Since his Bellator debut in 2014, Chris Honeycutt has been one of the company’s most consistent performers. In his first two years with Bellator, Honeycutt fought seven times, never missing a scheduled bout.
It wasn’t until earlier this year that he forced to drop out of a fight for the first time, when he was forced to miss his March 3 match against Kendall Grove at Bellator 174 due to injury.
“I worked really hard for that camp and was really looking forward to fighting Kendall Grove,” Honeycutt told MMAWeekly.com. “It was a real bummer to not be able to fight him. Things just happen and sometimes you’ve got to listen to your coach’s and manager’s advice. I’m okay with it and we just move forward from there.”
Having not fought since last December, Honeycutt isn’t so much worried about ring rust as he is being overly anxious for his return bout.
“If it does affect anything, I think it might make me a little overly excited,” said Honeycutt. “I definitely have that itch. I almost get worked up I’m so happy (to be fighting again). But I don’t think it will play a factor other than a little extra excitement going in.”
Honeycutt (9-1) returns to Bellator to take on Kevin Casey (9-5-2) in a preliminary card 185-pound on Friday in Verona, N.Y.
“He’s an athlete,” Honeycutt said of Casey. “He’s very gifted. He’s fast, he’s explosive and he’s strong. I wouldn’t necessarily say he’s got the greatest technique. A lot his strengths are because he’s an athlete.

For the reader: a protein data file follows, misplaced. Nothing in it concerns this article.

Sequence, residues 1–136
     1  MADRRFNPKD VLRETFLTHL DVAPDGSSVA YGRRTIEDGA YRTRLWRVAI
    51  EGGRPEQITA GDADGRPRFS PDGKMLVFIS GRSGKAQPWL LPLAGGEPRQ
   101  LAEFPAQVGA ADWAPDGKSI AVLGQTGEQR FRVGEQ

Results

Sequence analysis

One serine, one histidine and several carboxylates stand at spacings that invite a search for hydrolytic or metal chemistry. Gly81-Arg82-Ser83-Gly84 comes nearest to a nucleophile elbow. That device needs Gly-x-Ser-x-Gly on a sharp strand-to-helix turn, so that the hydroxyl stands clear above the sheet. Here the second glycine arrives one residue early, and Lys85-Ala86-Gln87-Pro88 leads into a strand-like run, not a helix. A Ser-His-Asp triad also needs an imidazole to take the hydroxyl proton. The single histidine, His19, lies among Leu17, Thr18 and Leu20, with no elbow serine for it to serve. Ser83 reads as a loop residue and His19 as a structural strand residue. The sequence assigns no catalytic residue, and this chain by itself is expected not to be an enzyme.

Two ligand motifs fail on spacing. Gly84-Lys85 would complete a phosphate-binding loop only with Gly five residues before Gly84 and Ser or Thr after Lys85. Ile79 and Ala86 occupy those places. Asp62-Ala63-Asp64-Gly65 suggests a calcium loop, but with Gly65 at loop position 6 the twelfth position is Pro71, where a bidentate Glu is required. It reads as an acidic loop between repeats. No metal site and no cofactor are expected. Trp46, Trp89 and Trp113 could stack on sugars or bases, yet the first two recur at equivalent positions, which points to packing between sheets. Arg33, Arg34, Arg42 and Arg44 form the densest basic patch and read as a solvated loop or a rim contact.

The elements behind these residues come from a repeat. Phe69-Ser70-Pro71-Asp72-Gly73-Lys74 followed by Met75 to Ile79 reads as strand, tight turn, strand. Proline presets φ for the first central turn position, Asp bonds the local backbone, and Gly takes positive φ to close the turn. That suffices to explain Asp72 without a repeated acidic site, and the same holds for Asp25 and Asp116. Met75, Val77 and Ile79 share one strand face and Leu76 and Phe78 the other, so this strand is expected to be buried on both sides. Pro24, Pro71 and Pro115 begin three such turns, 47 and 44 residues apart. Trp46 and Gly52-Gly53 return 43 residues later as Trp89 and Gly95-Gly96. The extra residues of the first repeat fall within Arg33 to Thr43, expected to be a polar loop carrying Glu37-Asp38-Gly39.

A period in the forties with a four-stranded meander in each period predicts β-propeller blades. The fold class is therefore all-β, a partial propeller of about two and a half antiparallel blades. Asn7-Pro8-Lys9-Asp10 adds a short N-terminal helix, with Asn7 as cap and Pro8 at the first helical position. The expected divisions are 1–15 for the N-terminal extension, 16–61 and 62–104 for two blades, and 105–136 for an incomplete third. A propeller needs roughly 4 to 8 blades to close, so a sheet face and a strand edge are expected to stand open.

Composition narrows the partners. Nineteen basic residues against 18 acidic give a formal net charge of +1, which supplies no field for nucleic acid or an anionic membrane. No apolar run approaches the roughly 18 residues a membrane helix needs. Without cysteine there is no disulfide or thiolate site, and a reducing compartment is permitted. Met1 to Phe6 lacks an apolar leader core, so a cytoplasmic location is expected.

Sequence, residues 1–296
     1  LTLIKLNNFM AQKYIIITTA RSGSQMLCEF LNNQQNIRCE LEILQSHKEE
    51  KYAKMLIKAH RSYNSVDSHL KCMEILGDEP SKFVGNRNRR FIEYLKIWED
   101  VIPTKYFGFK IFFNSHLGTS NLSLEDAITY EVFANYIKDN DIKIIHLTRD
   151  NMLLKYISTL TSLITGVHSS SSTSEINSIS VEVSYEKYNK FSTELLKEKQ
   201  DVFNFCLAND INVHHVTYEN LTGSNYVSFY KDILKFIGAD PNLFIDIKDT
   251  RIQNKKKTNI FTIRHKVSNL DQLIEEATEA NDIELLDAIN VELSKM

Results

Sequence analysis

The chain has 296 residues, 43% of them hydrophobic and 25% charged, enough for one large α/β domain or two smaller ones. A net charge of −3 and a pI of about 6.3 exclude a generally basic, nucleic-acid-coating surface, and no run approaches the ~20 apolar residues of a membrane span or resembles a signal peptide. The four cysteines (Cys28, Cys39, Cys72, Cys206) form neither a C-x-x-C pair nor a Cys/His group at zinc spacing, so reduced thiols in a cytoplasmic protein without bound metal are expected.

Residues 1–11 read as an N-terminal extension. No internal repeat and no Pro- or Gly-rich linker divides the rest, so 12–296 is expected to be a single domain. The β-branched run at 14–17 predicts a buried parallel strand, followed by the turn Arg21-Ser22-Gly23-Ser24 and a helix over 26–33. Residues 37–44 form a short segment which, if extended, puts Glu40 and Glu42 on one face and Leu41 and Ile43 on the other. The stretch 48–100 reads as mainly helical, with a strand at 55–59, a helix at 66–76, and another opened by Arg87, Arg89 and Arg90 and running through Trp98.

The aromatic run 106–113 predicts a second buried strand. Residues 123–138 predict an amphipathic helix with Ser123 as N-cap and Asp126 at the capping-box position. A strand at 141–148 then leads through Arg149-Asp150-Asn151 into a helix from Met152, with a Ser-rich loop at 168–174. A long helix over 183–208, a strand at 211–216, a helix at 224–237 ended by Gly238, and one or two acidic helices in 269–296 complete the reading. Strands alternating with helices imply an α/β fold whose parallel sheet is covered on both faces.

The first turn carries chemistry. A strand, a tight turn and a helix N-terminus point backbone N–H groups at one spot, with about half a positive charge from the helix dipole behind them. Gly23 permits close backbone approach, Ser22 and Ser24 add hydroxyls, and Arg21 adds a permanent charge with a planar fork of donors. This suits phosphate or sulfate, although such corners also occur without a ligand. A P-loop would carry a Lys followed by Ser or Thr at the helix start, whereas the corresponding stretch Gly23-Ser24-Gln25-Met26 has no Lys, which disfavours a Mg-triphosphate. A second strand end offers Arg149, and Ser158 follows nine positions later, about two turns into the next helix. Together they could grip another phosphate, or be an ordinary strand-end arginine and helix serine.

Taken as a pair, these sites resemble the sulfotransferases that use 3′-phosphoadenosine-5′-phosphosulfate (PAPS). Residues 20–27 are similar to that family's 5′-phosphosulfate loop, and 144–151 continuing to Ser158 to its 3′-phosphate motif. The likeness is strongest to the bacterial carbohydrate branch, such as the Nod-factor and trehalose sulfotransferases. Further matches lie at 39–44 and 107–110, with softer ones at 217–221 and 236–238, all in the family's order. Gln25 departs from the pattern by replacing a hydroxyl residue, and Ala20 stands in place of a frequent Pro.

“The last four or five films I’ve watched he tends to over-commit his strikes and gets tired easily. I don’t think he’s out of shape, but he puts everything into everything. If you do that, no matter how much cardio you do you’re going to get tired.”
Back into fight mode, Honeycutt isn’t looking past his bout with Casey other than to express how eager he is to stay active in the future.
“Obviously I have long term goals, and when I’m not in fight camp I look forward to those, but when I’m in fight camp, life gets simple,” said Honeycutt. “I have a date, I have an opponent and I have a task. My lifestyle revolves around being ready, being prepared and being as efficient as possible to take care of things on fight day.
“If it were up to me, I’d fight sooner than later. Obviously I can’t predict how much I’ll get touched (against Casey), but in hindsight the goal is to go in there, take as little damage as possible, then get back in the cage as fast as possible.”